Gender, Sexuality and Museums provides the only repository of key articles, new essays and case studies for the important area of gender and sexuality in museums. It is the first reader to focus on LGBT issues and museums, and the first reader in nearly 15 years to collect articles which focus on women and museums. At last, students of museum studies, women’s studies, LGBT studies and museum professionals have a single resource. The book is organised into three thematic parts, each with its own introduction. Sections focus on women in museum work, applications of feminist and LGBT theories to museum exhibitions, exhibitions and collections pertaining to women and individuals who are LGBT. The Case studies in a fourth part provide different perspectives to key topics, such as memorials and memorializing; modernism and museums; and natural history collections. The collection concludes with a bibliographic essay evaluating scholarship to date on gender and sexuality in museums. Amy K. Levin brings together outstanding articles published in the past as well as new essays. The collection’s scope is international, with articles about US, Canadian, and European institutions. Gender, Sexuality and Museums: A Routledge Reader is an essential resource for those studying gender and sexuality in the museum.
Museums, Sexuality, and Gender Activism examines the role of exhibitionary institutions in representing LGBTQ+ people, cisgender women, and nonbinary individuals. Considering recent gender and sexuality-related developments through a critical lens, the volume contributes significantly to the growing body of activist writing on this topic. Building on Gender, Sexuality and Museums and featuring work from established voices, as well as newcomers, this volume offers risky and exciting articles from around the world. Chapters cover diverse topics, including transgender representation, erasure, and activism; two-spirit people, indigeneity, and museums; third genders; gender and sexuality in heritage sites and historic homes; temporary exhibitions on gender and sexuality; museum representations of HIV/AIDS; interventions to increase queer visibility and inclusion in galleries; LGBTQ+ staff alliances; and museums, gender ambiguity, and the disruption of binaries. Several chapters focus on areas outside the US and Europe, while others explore central topics through the perspectives of racial and ethnic minorities. Containing contributions that engage in sustained critique of current policies, theory, and practice, Museums, Sexuality, and Gender Activism is essential reading for those studying museums, women and gender, sexuality, culture, history, heritage, art, media, and anthropology. The book will also spark interest among museum practitioners, public archivists, and scholars researching related topics.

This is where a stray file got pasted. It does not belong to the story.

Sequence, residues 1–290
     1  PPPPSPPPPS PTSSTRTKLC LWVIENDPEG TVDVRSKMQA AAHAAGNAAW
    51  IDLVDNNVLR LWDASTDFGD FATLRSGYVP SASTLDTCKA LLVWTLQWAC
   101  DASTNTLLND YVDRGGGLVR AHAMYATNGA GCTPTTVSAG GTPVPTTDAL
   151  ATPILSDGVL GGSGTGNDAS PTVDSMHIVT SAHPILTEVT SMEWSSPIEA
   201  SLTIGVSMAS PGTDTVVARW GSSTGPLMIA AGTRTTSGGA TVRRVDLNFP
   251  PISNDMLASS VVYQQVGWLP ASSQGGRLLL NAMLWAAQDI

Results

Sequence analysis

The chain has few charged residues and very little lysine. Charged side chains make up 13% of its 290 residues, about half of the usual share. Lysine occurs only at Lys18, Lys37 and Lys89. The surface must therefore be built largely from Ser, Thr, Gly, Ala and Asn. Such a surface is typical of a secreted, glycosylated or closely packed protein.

Sexuality and Gender at Home is the first book to explore the meanings and experiences of home through the framework of sexuality. Looking at a broad spectrum of sexuality, gender and domesticity, it examines the many ways in which home is constructed, performed and experienced in relation to sexuality and gender. Considering identity issues such as age, class, ethnicity and gender, the authors problematize intimacy and question conventional ways of thinking about allegedly 'private' home space. Comprehensive introductions to each of the book's three sections – on Intimacy and Home, Queering Home, Beyond Home – provide a coherent overview of the existing literature as well as additional historical and cultural context. Fourteen chapters present ground-breaking research and insights into sexuality, gender and home across culture, time and space. Written by academics from a range of subject disciplines, chapters are based on research covering countries including Australia, France, Sweden, the UK, the USA, Guyana, Israel, and Singapore. This highly original text is the ideal starting point for anyone wishing to get to grips with the emerging field of sexuality, gender and home and will particularly appeal to researchers and students in anthropology, architecture, gender studies, sociology, and human geography.